As the lockdown is eased here in Israel and travel restrictions are lifted, flight activity will resume to the United States, as will Israeli entrepreneurs seeking US market entry. The America these entrepreneurs left (in many cases, quite rapidly) due to the onset of the pandemic is not the same country that they are seeking to re-enter and scale their businesses in.
The pandemic, the Black Lives Matter protests, and a socially divisive election year have changed the landscape and accelerated migration of knowledge workers from dense urban areas. The US is also now facing long term economic changes, and how many US brands engage with customers post-COVID will have a lasting impact on their longevity. This is especially pronounced among millennials and Gen Z as trust in US brands today is not a given, and every entrepreneur marketing to the US should understand the importance of trust and transparency in 2020 America.
Social’s role in trust
Israeli professionals witnessed on LinkedIn how many brands’ messaging transformed during the weeks of the BLM protests. The platform is generally curated for business but the political commentary during the protests made it seem like Twitter for a few weeks. In the past, it was considered unprofessional or in bad taste to post sensitive political commentary on LinkedIn (it is not Facebook, after all).
Opening the floodgates for political commentary were brands such as Amazon who openly supported the protesters (whether or not supporters of the BLM movement felt they were sincere), and that enabled professionals to express their political views online. Even Israeli brands such as Wix threw their hat into the ring to support the movement.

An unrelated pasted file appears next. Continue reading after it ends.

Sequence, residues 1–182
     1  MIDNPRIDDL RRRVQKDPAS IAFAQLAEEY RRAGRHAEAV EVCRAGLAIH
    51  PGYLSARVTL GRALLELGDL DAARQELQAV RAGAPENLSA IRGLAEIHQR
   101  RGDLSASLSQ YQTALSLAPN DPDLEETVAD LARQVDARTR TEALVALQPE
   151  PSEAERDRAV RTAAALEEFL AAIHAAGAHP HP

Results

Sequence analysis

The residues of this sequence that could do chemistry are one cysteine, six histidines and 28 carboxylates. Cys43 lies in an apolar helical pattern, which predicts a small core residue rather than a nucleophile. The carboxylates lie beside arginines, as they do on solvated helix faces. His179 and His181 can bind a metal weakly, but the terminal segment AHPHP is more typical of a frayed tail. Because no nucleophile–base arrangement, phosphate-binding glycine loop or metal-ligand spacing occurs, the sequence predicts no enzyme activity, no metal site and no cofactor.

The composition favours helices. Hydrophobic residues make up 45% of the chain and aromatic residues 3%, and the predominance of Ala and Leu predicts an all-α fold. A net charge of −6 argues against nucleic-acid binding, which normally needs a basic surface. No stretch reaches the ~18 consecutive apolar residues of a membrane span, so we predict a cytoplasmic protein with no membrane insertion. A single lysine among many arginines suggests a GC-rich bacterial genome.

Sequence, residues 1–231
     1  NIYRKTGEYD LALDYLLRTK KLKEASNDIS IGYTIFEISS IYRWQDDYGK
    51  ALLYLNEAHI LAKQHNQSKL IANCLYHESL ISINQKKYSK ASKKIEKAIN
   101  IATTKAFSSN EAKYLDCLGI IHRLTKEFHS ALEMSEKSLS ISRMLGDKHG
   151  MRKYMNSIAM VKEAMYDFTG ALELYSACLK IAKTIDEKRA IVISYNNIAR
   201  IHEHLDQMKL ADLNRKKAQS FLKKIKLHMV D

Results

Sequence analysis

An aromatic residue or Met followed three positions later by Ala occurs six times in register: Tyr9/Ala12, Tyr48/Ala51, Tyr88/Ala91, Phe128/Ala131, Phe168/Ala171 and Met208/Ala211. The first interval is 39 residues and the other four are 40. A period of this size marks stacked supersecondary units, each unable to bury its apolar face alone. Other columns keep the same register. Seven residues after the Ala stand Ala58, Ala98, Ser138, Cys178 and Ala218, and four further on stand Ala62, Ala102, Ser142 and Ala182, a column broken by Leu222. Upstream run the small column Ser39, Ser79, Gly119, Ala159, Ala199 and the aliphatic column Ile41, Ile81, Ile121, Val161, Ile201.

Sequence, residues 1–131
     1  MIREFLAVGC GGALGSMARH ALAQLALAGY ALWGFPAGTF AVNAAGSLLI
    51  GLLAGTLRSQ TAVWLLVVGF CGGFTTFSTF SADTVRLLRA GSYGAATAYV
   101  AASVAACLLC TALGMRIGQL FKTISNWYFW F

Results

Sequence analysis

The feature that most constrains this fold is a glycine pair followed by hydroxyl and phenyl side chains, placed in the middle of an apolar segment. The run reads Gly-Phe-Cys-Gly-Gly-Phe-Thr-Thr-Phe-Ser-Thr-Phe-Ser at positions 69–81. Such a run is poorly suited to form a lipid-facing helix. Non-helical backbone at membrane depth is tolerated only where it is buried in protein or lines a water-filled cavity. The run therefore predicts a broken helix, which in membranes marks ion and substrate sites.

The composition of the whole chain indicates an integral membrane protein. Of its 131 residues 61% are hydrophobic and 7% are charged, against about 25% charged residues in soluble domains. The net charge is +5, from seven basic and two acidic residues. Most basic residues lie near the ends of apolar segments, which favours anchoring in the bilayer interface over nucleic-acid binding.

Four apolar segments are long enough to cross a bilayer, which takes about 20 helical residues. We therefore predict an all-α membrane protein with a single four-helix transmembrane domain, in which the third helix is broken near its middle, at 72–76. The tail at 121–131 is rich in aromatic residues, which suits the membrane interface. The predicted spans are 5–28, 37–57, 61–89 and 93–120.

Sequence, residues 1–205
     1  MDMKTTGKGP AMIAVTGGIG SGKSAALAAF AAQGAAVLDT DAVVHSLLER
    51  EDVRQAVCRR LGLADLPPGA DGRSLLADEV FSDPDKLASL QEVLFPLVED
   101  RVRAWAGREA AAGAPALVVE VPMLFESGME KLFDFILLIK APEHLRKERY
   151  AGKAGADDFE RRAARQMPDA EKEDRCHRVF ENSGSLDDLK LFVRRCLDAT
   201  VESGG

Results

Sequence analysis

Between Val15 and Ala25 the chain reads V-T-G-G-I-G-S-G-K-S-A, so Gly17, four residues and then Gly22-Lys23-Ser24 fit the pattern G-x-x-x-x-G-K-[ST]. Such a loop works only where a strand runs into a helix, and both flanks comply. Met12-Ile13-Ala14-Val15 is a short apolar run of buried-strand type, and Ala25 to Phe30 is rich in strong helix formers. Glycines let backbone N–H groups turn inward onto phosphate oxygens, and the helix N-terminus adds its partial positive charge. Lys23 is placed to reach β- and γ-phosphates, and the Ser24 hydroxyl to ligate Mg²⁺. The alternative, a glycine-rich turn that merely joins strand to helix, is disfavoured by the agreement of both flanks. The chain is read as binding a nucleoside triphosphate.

Corporate trust in the Startup Nation
To offer context, this falls under the idea of the truth. Trust, or the Truth, is something in short supply these days throughout the world. At its basic level, globally, there is little trust in legacy institutions, our leaders’ statements, or even confidence in them to lead us out of the global pandemic in which we are still struggling with. While both the US and Israel share a lack of trust in public institutions, where they differ is the faith the tech/business community has put in global corporations.
This relationship goes back to 1973 when Intel opened their first offices in Israel. At the time, Israel may have pinned its hopes on technological innovation given the trauma of the Yom Kippur War that same year. The relationship with corporates developed over the course of many years and Israel came to rely on them to open their R&D centers, develop their products, and invest in the startups here via corporate venture arms. The tech and business community in Israel displayed a true sense of Middle Eastern hospitality and openness, and in turn were validated based on tangible economic results, in contrast to the manner in which the country failed to gain that acceptance on the political level.
Gil Eyal, Strategic Advisor to the Chief Innovation Officer at Silverstein Properties, noted that “the Israeli eco-system is composed of a small, tight-knit group. The same group of people who shared military service and education in the few top universities end up running the innovation programs and the many big companies that utilize Israel for R&D. This makes reliance on a partnership with corporate innovation a much more common practice in Israel.”